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ffects of t emperature ( A) and pH (B) on protease activity. The protease assay was carried out at pH 7.0 and at different temperatures in the range of 10-80℃. Activity at 50℃ was referred to as 100% and the relative activity was calculated for other temperatures. pH optima were determined by incubating the enzyme with the substrate at different pH values at 50℃: acetate buffer (pH 4.0-6.0); phosphate buffer (pH 6.0-8.0), and glycine-NaOH buffer (pH 8.0-10.0).
- Effect of pH on Protease Activity
The activity of the protease at the range of pH 4.0-10.0 was determined after the enzyme was incubated at 50℃ for 10 min. The protease showed high activity at pH 7.0-9.0, and the highest activity was obtained at pH 8.0 ( Fig. 3 ). The effect of pH on the protease activity shows that the protease is a type of alkaline protease active in a broad range of pH values. Preliminary studies on the extracellular de-hairing protease secreted by Bacillus sp. showed that it has dual pH maxima at 7.5 and 9.0 [29] . These findings are in accordance with several earlier reports showing pH optima of 8.0-9.5 for fungal proteases such as those from Aspergillus fumigatus, A. parasiticus , and A. clavatus CCT2759 [21 , 33 , 34] .
- Effects of Inhibitors and Surfactants on Protease Activity
The effects of inhibitors and surfactants on the purified protease is detailed in Fig. 4 . The protease was highly stable in the presence of the surfactants such as Triton X-100 (0.1%), showing a 2-fold increase in proteolytic activity. The enzyme was slightly inhibited by the chelating agent EDTA (1 mM). The high activity of the protease in the presence of EDTA is very important for its potential application as a detergent additive because most detergents contain such chelating agents. This was similar to results obtained by Kim et al . [15] and Rahman et al . [28] .
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Effects of inhibitors and surfactants on protease activity. The standard protease assay was supplemented with EDTA (1 mM), Triton X-100 (0.1%), and Tween 80 (0.1%). The effects of these additives were assessed relative to the control. Percent residual activity was calculated by considering the activity of control to be 100%.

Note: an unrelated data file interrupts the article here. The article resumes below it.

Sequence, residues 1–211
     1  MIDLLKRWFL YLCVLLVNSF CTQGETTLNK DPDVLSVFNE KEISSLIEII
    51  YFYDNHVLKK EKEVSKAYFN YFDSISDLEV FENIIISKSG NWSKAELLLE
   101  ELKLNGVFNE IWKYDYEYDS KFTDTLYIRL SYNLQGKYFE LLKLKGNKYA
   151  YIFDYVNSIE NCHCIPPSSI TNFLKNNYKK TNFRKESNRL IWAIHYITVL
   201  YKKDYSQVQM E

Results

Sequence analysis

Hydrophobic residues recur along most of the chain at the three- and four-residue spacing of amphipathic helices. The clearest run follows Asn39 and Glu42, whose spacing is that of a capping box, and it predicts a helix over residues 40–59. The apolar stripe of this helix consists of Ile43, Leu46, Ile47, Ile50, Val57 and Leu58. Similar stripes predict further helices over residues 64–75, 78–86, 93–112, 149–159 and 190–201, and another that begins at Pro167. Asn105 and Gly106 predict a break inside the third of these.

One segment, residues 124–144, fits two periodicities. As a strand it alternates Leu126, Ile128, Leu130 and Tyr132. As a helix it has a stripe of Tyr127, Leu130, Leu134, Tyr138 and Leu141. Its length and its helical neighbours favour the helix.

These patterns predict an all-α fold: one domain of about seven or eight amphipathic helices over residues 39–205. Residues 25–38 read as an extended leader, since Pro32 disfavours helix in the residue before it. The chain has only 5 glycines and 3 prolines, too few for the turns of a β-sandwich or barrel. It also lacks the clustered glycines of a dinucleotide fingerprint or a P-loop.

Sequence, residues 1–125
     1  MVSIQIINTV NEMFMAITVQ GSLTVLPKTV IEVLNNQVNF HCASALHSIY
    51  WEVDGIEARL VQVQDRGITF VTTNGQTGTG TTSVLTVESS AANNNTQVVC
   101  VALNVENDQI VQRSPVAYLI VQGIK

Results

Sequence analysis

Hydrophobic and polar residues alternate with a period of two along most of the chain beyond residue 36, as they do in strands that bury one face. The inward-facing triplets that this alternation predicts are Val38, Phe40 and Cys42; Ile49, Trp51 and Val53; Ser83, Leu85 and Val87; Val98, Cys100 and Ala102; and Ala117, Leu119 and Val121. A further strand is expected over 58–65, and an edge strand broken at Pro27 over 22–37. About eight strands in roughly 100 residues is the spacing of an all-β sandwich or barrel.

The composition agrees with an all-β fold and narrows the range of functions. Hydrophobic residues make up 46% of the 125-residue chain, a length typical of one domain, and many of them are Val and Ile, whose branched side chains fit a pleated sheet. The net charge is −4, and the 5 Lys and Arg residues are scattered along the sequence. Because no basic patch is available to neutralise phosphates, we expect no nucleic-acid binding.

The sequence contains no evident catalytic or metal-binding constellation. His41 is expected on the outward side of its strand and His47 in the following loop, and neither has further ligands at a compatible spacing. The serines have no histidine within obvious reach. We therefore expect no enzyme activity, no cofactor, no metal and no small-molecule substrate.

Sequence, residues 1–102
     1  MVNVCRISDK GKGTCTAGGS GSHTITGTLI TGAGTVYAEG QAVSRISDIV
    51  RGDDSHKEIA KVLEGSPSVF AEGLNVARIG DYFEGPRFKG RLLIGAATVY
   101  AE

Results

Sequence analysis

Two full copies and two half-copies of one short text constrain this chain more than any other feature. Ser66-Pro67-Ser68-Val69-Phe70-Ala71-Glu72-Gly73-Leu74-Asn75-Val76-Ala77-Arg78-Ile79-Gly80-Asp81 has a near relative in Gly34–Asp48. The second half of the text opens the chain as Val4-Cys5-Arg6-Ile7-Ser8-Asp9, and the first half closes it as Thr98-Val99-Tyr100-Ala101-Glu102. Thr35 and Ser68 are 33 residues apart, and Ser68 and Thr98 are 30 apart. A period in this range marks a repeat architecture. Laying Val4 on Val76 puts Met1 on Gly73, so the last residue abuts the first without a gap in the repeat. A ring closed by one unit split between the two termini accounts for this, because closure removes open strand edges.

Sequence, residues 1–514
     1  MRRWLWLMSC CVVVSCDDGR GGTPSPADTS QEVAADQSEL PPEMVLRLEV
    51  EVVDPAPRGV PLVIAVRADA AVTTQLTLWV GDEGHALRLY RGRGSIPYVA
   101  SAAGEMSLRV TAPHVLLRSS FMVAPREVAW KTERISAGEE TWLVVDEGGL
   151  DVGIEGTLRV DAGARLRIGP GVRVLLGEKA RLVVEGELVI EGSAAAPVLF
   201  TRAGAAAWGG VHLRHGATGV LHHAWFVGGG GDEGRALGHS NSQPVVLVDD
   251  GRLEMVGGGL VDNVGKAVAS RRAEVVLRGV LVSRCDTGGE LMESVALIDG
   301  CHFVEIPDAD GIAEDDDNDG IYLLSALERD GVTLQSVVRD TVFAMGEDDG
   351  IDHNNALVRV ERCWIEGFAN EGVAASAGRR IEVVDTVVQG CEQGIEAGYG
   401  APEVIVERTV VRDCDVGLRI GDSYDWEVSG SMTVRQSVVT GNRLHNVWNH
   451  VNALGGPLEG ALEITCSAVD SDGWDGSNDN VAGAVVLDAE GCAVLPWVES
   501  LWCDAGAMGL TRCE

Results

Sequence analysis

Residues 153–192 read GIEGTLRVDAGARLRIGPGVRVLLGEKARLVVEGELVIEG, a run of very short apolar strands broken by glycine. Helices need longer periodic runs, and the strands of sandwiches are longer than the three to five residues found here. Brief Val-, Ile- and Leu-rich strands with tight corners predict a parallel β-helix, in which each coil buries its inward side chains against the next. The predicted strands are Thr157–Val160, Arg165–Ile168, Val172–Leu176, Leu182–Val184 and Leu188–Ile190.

Despite the fact that many different proteases have been identified and some of them have been used in biotechnological and industrial applications, the presently available proteases are not sufficient to meet most industrial demands. Industrial processes are carried out under specific physical and chemical conditions, which cannot always be adjusted to the optimal values required for the activity and stability of the available enzymes. From this study, it appeared that protease produced from B. polyfermenticus SCD has a single molecular mass unlike other Bacillus species, so it would be more economical and convenient to apply it to industrial production for the detergent industry than those produced from other strains. The stability of the protease in detergent appears to be an attractive feature for its use in industrial applications. In general, the optimum temperature of most proteases in nature is at the range of 30-40℃, but enzymatic activity at higher temperature such as 50℃ can increase the yield of proteolysis industrially. In addition, detergents and EDTA as major detergent ingredients tested in this study have no significant inhibitory effects on the protease produced from B. polyfermenticus . Therefore, these results suggest that protease produced from B. polyfermenticus SCD is a potential material as a detergent additive for laundry and may be useful in other industries such as textile or leather processing.
Acknowledgements
This research was supported by the Priority Research Centers Program (Grant #2012-0006686) through the National Research Foundation of Korea (NRF) funded by the Ministry of Education, Science and Technology.